Braille is the name of the system of raised bumps that help people who cannot see to read using touch instead of sight! Since they are often unable to adequately see written letters, people who are blind or visually impaired sometimes read a special form of writing called Braille!
Braille uses small bumps felt by the tip of the finger to tell a person what letter or group of letters is being represented. It works on the idea that every letter fills a "cell," where there can be up to six dots lined up in two columns and three rows. Every letter "A" through "Z," as well as numbers, punctuation, and some symbols or word contractions are represented by an assigned combination of those dots! For example, the letter "C" is made up of just the top two dots in a cell, while the letter "X" is made up of just the four dots in the corners of the cell!
Louis Braille, a young blind student at the National Institute for Blind Youth in Paris, created the Braille system in the 1800s while he was only a teenager! His system was so successful that it's still named after him today, and is used as the primary reading and writing system for blind and visually impaired people all around the world!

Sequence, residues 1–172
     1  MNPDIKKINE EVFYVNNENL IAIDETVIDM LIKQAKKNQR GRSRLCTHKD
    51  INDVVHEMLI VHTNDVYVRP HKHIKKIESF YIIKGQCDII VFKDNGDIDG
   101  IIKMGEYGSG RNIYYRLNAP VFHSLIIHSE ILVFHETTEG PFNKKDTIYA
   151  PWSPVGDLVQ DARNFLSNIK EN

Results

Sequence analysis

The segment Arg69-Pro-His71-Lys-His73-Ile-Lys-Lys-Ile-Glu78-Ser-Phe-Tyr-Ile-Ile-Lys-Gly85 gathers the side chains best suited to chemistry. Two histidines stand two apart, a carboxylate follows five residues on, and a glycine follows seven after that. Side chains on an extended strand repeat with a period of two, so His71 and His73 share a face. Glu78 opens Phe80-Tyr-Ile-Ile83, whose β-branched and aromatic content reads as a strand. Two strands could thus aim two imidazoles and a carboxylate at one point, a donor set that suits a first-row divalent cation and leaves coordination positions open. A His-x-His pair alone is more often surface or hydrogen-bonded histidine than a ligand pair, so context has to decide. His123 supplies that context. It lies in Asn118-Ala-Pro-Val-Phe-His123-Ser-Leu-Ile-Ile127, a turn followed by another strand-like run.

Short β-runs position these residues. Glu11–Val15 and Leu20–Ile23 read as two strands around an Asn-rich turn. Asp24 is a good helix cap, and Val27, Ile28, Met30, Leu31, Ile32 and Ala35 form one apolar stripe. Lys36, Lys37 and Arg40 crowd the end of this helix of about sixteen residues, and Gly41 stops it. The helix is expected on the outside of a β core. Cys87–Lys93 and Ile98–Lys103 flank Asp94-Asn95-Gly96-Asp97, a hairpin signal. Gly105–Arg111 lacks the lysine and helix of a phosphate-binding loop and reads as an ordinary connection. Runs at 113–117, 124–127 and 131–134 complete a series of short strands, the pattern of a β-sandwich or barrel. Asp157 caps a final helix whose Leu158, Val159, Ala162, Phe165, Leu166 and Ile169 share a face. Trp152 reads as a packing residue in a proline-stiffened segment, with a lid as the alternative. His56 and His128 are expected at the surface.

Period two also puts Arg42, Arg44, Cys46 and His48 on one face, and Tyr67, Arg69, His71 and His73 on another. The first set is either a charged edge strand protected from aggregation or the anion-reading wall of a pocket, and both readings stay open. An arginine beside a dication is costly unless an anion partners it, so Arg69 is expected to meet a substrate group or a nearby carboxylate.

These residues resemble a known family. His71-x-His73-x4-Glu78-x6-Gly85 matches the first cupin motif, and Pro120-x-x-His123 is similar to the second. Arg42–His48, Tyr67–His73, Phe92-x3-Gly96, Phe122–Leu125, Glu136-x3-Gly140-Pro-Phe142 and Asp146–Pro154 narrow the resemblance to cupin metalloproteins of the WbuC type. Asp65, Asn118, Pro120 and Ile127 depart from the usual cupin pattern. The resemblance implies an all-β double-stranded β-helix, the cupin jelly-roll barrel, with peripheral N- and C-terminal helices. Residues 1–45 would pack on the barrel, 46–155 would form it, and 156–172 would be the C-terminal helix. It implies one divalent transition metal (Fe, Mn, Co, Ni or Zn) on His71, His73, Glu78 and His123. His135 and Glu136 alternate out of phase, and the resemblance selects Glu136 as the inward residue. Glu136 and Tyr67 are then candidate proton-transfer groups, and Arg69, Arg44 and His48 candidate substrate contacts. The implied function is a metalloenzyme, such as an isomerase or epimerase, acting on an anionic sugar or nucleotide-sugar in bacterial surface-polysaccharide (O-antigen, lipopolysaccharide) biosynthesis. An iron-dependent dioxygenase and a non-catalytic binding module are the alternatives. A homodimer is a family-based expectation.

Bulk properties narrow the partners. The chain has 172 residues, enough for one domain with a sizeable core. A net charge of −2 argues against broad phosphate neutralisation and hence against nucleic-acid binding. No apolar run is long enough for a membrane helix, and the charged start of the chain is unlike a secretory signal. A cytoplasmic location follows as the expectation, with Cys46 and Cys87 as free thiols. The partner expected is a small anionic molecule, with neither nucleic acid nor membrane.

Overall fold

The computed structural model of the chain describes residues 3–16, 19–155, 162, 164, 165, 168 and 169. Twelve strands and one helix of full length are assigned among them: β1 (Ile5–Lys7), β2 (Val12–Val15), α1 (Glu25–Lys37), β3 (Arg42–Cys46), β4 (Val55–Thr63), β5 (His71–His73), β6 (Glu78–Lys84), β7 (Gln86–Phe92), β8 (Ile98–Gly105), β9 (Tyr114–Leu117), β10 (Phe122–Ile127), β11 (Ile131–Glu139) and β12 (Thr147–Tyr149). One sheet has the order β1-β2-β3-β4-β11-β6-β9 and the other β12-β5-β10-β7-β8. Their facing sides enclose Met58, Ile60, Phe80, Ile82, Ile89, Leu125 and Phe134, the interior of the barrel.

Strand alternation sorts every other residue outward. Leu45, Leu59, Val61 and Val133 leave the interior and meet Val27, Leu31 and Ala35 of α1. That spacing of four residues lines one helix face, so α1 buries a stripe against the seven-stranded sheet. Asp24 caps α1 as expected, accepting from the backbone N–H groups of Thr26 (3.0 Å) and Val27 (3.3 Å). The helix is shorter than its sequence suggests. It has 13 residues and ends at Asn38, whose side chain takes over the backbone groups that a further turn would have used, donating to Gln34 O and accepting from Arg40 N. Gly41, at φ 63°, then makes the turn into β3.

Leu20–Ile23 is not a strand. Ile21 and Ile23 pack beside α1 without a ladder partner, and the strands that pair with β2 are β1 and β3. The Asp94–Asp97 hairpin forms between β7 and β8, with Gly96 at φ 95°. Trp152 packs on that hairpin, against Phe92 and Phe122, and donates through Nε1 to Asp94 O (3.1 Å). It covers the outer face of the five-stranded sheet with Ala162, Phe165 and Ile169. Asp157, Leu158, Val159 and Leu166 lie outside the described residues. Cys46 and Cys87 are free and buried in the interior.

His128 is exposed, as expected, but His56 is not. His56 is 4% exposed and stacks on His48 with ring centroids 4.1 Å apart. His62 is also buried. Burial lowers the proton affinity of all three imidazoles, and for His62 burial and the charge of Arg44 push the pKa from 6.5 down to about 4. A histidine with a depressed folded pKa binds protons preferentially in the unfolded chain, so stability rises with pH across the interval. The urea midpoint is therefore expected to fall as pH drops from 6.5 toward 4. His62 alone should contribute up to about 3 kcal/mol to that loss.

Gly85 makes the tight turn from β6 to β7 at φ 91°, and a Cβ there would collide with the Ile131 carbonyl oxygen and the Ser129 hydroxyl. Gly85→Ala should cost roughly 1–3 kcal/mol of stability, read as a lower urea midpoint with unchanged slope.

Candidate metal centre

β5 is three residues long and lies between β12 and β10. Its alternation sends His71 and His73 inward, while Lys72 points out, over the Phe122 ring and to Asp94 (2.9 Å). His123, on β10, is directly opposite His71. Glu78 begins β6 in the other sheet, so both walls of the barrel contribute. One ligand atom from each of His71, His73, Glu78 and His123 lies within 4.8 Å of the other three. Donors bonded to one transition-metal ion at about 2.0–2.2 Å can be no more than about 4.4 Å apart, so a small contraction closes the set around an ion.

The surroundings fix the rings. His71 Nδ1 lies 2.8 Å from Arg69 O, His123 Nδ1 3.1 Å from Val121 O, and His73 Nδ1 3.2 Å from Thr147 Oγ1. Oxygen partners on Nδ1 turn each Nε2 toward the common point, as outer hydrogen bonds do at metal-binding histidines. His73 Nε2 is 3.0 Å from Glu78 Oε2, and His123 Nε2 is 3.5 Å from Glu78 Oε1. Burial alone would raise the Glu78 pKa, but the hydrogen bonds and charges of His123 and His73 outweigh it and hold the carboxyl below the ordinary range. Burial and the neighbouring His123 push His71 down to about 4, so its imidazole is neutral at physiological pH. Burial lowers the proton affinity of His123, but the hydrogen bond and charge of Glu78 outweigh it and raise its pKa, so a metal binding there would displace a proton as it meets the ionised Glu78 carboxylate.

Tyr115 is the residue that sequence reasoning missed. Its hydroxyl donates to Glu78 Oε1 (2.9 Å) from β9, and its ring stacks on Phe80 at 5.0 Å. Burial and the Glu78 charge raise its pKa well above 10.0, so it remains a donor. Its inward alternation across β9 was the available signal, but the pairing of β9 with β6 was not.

(by Mya Kagan)
Bump it up!
See if you can get a Braille book from the store or the library, and then take a look at a Braille "translation key." Spend some time with the "translation key" trying to learn some of the Braille letters! When you look in the book written in Braille, are you able to recognize any words? What would the spelling of your name look like in Braille? Even if you can't create it in bumps, try at least just drawing it out with dots!
Before Braille was invented, there were other similar writing systems that used letters or symbols in raised forms, although over time Braille became the preferred system.